Ilya Kovalchuk fit in well with the Washington Capitals despite only slotting in for only seven games. After being acquired from Montreal for a third-round pick on February 23, Kovalchuk played on the Capitals’ third line and the second powerplay unit, registering four points (1g, 3a) and a 54.6 shot-attempts percentage. Right-wing Richard Panik, whom Kovalchuk replaced, was bumped down to the fourth line, giving the team even more forward depth on the fringes. Kovalchuk is also close friends with Alex Ovechkin (they’ve wanted to play together since they were 13) and head coach Todd Reirden (Reirden mentored Kovalchuk in ATL as a rookie).
But regardless of how good things have gone in DC and what happens in the future, Kovalchuk, who is only making a prorated $350k salary with the Capitals, appears very likely to return to Montreal next season.
Sportsnet’s Eric Engels reported that, “Based on my information, it’s all but assured Kovalchuk will be back in Montreal come 2020-21.” Engels included all the usual caveats that nothing is 100 percent official until a contract is signed.
After languishing for two seasons with the Los Angeles Kings, Kovalchuk was released and eventually signed a one-year, two-way contract with the Canadiens for the veteran minimum on January 3. There, Kovalchuk saw his NHL career re-born.
“When I get there (Montreal), the team was great,” Kovalchuk said. “The atmosphere, it’s unbelievable. I was there for a month and a half, but it felt like home.”
In 22 games, Kovalchuk tallied 13 points (6g, 7a) in 22 games. He also scored an overtime game-winner against the Toronto Maple Leafs on February 8.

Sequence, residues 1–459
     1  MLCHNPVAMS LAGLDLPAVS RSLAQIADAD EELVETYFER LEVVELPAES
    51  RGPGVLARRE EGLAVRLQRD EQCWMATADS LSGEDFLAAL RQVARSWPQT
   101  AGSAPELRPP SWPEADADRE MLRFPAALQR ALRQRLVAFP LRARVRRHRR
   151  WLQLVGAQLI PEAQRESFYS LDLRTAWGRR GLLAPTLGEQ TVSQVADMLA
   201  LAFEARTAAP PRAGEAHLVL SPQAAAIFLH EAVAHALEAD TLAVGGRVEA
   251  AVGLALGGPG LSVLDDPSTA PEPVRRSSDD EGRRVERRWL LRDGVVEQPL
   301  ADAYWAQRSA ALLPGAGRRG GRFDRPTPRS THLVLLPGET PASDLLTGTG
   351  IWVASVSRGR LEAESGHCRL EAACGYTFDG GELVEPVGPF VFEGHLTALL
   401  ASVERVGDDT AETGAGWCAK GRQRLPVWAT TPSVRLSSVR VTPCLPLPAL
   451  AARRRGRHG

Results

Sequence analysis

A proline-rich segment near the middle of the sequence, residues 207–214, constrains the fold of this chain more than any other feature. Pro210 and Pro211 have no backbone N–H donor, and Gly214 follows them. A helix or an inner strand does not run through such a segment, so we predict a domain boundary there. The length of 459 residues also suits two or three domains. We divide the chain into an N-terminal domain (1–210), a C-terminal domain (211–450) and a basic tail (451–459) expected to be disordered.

“He meant a lot in those 22 games,” Habs head coach Claude Julien said. “Just in a time where we really needed some help because of all the injuries. He came in, especially at the beginning, and was scoring and doing all the right things. What I like about Ilya, and again, seeing him from afar when he first came in the league with Atlanta and when he moved on to Jersey, I saw a guy who really wanted to produce and really focused a lot on producing. What I saw from Ilya — and I used that example a lot — is that I saw a lot of Mark Recchi. I ended up getting Mark Recchi in Boston near the end of his career and playing days. He really had a focus on what was the most important thing. It wasn’t as much he wanted to score. He really wanted the team to do well. And that’s what I saw from Ilya Kovalchuk when he came here. He really cared about the team. He really cared about his teammates. He really cared a lot about helping the team.
“He would be on the bench. A fourth line guy would score for us. He was the guy that was jumping the highest and was so happy for that guy,” Julien added. “You saw a veteran player bringing the right example to everybody else. On the ice, off the ice, days off, he would be in the gym working out. He was a great example for young players to see: a guy at his age doing all the right things and understanding that you can’t just rely on your talent, but you have to work hard at it.”
Kovalchuk and his hockey-playing family, who have a home in Beverly Hills, seemed to love it up north in the frigid temperatures.
Kovalchuk’s loyalties to Montreal may be even stronger due to the fact that general manager Marc Bergevin let the forward choose which team he’d finish the season with.
“It’s a business but I appreciated everything Montreal done for me – especially Marc,” Kovalchuk said. “He ask me, actually, and I think Washington would be a really good fit for me. I know a lot of guys there and I’m very excited to go there for sure.
“It’s a great chance to achieve something special,” Kovalchuk added during a recent podcast interview.
Of course – only if the season concludes.
Screenshot courtesy of Sportsnet
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